Sailor Pleads Guilty in Record-Setting Bust Aboard Cocaine Ship

A citizen of Montenegro pleaded guilty to conspiring with at least seven other crew members aboard a cargo ship to hauling more than 20 tons of cocaine. They were busted after stopping in Philadelphia in 2019.

A crew member of the now-infamous cocaine ship that arrived at the Port of Philadelphia last year carrying a record $1 billion worth of the drug pleaded guilty, the U.S. Attorney for Eastern Pennsylvania said Monday.

Vladimir Penda, 27, who is a citizen of the Balkan nation Montenegro, faces at least 10 years in federal prison for his role in a smuggling scheme aboard the MSC Gayane busted in June 2019.

Federal prosecutors said Penda's guilty plea filing that he and "at least seven other crew members" conspired to smuggle some 20 tons of cocaine onboard the massive container ship while en route between South American and Caribbean ports and the Port of Philadelphia. The ship's final destinations were in Europe.

Other subsequent convictions are expected, a law enforcement source said, but there is no timeline currently.

Sources told NBC10 at the time of the bust in 2019 that the cocaine was not meant for Philadelphia but instead for the Netherlands and France.

All told, the ship contained more than 15,500 kilograms of the drug. Six crew members were arrested at the time. It was the largest bust in the 230-year history of the U.S. Customs and Border Patrol arm of the Department of Homeland Security.

Cranes unload the freight ship MSC Gayane, after US authorities seized more than 16 tons of cocaine at the Packer Marine Terminal in Philadelphia, Pennsylvania on June 18, 2019. (DOMINICK REUTER/AFP via Getty Images)

It is believed to be the second-biggest seizure of cocaine in American history, behind only a 1989 cache seized in Los Angeles.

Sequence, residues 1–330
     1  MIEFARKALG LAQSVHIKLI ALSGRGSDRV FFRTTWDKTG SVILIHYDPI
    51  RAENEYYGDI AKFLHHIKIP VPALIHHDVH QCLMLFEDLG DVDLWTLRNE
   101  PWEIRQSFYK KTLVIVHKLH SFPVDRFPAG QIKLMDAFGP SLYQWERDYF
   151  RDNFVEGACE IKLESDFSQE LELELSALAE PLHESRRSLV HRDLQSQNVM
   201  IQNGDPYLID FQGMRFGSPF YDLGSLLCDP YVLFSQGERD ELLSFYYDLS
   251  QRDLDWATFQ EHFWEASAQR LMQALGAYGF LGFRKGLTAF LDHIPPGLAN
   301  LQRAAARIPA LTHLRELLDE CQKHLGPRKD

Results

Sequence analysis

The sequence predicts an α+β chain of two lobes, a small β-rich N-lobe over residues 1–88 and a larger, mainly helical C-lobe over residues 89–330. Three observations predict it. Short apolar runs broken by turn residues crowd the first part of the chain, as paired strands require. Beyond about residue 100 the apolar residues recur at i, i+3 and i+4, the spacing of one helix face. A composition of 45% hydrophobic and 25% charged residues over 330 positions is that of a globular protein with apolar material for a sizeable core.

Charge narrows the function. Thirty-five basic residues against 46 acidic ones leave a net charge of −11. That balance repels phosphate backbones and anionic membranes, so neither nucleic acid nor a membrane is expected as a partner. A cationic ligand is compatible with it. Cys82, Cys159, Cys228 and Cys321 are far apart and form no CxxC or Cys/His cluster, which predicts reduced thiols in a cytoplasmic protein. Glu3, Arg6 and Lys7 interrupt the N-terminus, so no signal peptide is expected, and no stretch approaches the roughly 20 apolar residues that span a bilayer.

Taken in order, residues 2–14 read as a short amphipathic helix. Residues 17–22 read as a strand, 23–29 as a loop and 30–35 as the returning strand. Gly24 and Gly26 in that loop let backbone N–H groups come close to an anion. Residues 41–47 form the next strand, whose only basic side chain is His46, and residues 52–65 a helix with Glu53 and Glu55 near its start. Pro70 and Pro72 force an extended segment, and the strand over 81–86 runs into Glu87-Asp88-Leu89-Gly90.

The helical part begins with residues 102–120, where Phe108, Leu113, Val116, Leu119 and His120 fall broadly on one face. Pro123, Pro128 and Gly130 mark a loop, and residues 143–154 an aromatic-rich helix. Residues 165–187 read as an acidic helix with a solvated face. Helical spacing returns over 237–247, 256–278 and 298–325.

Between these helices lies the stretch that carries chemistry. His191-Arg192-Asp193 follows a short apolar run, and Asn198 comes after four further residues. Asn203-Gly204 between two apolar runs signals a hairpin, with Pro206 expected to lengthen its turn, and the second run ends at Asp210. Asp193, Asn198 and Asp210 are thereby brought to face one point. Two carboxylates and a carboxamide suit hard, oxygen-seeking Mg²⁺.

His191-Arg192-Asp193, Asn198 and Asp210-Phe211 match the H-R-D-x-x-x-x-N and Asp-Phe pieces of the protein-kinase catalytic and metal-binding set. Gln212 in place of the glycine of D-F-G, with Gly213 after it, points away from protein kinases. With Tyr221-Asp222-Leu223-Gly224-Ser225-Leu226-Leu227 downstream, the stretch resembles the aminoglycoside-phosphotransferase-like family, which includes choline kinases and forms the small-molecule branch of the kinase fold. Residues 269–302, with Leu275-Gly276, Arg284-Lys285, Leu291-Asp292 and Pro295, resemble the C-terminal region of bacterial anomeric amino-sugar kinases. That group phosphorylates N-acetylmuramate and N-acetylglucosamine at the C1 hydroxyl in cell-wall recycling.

The massive bust came just three months after another huge, though not nearly as large in scale, bust occurred at the Port of Philadelphia. In March 2019, 537 kilograms of cocaine were found aboard the MSC Desiree. That container ship was traveling from Colombia to Europe, according to law enforcement sources.

Prosecutors wrote in Penda's plea memorandum, which was filed June 15, that he was recruited by other crew members to take part in the smuggling scheme. Penda served as fourth engineer aboard the ship.

"On multiple occasions during the MSC Gayane’s voyage at sea, crew members, including Penda, helped load bulk cocaine onto the vessel from speedboats that approached under cover of darkness, traveling at high speeds," the U.S. Attorney's office said in a statement. "Crew members used the Gayane’s crane to hoist cargo nets full of cocaine onto the vessel and then stashed the drugs in various shipping containers."

Penda remains in federal custody pending sentencing.

The U.S. government said Monday that it seized the cargo ship MSC Gayane as part of its investigation into cocaine smuggling on the ship.

The MSC Gayane, owned by J.P. Morgan and operated by Mediterranean Shipping Co., which is headquartered in Europe but has an American headquarters in New York City, was seized by the U.S. government July 4, 2019. It was eventually released to the company after a $50 million bond was posted.

It is currently traveling in the Caribbean Sea en route from Chile to Portugal, according to VesselFinder.

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